Because of the current climate in the science fields and the lack of female representation in various STEM jobs, the United Nations has proclaimed Feb. 11 as the International Day of Women and Girls in Science, aiming to ensure full and equal access to and participation in science for women and girls.
STEM is short for Science, Technology, Engineering, Mathematics. According to UNESCO data (2014-2016), around 30% of all female students select STEM-related fields in higher education.
A History of Women in the Science Fields
Although gender roles were substantially pre-defined in the eighteenth century, women still experienced great advances in science. In the later nineteenth century, the rise of women’s college provided jobs for women scientists and opportunities for education.
In the early twentieth century, the women’s rights movement was in its heyday. Women began to persistently seek higher education and the same careers as men.
Among these careers was becoming a doctor, an accomplishment that could not be reached without successful completion of medical school and earning a Doctorate degree. Thankfully, the perception of female doctors began changing in the years to follow.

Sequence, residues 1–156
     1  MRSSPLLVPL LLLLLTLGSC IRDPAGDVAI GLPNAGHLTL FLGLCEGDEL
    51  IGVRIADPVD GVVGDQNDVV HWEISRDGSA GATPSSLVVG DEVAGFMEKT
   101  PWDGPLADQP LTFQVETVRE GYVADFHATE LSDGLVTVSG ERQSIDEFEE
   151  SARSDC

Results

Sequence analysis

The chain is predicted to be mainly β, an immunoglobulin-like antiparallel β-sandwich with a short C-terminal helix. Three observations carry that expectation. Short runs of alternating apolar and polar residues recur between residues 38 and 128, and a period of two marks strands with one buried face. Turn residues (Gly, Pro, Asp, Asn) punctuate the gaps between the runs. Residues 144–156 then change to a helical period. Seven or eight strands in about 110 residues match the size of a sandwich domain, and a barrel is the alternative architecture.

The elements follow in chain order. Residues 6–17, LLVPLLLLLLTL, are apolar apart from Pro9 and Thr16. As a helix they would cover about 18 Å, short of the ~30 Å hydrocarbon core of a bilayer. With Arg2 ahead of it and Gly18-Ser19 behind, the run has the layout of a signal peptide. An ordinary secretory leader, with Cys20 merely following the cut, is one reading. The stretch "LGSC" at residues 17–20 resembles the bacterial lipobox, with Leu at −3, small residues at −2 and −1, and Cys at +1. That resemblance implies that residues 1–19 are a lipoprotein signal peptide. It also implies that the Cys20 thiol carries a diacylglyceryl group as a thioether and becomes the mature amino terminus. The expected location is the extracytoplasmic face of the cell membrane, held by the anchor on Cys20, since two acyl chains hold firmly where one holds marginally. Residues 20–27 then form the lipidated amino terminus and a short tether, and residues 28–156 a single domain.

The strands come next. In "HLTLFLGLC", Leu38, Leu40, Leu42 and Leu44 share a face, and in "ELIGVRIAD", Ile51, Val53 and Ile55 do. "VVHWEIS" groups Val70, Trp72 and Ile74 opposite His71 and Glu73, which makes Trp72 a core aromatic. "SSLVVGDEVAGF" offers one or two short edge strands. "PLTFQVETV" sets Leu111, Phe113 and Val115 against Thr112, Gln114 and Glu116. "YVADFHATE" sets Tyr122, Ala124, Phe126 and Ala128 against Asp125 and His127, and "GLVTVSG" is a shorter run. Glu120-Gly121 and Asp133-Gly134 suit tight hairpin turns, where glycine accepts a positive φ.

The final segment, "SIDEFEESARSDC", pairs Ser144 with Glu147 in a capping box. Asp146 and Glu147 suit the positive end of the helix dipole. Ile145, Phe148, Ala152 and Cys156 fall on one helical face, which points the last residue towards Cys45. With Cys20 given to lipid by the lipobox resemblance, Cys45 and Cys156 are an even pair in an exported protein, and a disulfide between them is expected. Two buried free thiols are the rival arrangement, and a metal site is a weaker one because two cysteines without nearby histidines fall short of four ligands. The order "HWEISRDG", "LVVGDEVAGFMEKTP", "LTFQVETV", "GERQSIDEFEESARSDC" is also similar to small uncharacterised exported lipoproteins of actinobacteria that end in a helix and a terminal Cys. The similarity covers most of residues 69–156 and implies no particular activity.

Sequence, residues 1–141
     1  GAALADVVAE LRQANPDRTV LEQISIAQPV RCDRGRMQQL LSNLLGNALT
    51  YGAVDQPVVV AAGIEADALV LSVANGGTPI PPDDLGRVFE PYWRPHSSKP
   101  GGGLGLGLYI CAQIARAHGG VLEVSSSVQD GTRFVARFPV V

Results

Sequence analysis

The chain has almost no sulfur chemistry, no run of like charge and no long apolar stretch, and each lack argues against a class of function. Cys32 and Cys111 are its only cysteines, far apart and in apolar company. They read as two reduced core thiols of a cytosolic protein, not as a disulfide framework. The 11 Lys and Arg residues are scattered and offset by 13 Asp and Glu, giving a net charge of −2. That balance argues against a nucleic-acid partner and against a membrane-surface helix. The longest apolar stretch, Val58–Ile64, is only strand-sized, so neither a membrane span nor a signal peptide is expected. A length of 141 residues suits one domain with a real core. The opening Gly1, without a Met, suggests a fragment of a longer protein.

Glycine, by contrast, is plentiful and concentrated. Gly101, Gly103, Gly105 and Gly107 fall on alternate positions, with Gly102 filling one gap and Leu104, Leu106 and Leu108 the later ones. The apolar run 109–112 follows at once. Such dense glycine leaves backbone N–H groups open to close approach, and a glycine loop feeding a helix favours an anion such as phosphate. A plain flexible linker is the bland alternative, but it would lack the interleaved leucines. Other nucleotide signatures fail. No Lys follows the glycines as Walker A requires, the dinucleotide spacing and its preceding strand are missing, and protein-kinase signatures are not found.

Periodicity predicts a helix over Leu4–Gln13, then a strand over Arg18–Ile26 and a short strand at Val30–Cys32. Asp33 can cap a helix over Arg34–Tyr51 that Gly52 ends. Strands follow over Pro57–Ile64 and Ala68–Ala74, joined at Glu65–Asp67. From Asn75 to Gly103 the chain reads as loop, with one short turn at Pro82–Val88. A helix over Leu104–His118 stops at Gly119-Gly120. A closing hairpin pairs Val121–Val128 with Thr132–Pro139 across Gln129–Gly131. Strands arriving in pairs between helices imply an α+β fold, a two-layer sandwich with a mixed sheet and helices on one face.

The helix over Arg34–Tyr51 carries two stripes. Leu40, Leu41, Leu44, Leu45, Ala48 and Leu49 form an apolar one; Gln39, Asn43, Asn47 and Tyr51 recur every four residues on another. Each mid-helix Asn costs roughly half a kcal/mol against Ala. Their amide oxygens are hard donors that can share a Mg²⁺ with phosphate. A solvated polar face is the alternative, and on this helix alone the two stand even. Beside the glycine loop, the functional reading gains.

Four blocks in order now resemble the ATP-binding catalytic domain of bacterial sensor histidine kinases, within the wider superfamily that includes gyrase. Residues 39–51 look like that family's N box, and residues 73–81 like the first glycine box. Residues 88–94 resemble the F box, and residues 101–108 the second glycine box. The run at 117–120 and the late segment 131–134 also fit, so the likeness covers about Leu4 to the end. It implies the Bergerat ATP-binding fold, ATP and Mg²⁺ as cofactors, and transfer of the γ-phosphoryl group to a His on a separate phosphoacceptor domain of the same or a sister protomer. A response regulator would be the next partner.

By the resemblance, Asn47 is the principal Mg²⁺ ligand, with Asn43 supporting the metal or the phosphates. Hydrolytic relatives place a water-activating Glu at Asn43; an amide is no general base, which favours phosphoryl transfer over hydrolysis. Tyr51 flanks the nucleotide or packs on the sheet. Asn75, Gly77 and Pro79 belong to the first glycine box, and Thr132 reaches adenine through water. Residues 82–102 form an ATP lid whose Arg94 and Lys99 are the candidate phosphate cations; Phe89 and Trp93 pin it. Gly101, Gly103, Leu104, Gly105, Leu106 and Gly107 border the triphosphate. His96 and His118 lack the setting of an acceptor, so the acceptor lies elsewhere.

While we think about the huge need for more women in the STEM workforce and positions, let me highlight a few women that were so ahead of their time and contributed greatly to society as a whole.
Virginia Apgar: June 7, 1909-Aug. 7, 1974
Virginia Apgar was a physician best known for her work in obstetrics and anesthesia. She developed the Apgar Newborn Scoring System, which became widely used to assess a newborn’s health, and also studied the use of anesthesia on babies. Apgar also helped refocus the March of Dimes organization from polio to birth defects.